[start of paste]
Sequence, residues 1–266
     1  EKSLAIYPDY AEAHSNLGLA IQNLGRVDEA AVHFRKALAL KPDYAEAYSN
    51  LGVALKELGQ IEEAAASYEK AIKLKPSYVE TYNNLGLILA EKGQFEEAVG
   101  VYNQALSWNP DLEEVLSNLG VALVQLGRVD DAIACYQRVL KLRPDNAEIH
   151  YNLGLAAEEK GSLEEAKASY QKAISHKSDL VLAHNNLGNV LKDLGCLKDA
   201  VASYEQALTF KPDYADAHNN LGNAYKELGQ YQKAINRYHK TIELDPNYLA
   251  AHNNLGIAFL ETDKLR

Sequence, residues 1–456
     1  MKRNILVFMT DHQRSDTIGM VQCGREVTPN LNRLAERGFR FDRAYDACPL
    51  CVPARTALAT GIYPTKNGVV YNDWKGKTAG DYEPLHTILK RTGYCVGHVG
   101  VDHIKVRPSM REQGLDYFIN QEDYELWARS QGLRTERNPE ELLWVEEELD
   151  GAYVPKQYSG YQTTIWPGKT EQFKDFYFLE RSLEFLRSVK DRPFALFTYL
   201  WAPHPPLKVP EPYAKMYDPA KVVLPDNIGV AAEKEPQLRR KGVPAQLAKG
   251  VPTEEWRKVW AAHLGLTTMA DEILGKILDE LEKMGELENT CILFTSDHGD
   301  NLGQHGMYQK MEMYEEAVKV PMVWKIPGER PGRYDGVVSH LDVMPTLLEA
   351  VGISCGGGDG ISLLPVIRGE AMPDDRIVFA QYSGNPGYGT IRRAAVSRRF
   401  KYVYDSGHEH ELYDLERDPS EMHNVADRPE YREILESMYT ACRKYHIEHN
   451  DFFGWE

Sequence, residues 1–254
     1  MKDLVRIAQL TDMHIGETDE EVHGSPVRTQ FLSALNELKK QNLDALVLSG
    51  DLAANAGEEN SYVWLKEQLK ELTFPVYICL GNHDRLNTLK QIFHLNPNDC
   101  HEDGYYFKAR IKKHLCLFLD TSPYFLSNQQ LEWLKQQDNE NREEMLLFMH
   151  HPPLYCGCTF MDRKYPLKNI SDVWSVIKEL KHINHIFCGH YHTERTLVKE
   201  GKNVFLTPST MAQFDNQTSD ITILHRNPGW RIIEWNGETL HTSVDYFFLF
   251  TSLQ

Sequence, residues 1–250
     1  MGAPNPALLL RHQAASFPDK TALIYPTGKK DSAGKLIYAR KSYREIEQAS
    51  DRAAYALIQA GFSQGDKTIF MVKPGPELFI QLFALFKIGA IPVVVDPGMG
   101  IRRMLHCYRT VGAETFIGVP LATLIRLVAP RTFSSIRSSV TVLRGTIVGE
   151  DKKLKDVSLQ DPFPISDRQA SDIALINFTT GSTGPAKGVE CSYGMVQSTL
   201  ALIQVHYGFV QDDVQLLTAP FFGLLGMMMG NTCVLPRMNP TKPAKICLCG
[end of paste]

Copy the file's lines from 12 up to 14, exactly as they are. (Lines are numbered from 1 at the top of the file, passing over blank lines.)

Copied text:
   151  GAYVPKQYSG YQTTIWPGKT EQFKDFYFLE RSLEFLRSVK DRPFALFTYL
   201  WAPHPPLKVP EPYAKMYDPA KVVLPDNIGV AAEKEPQLRR KGVPAQLAKG
   251  VPTEEWRKVW AAHLGLTTMA DEILGKILDE LEKMGELENT CILFTSDHGD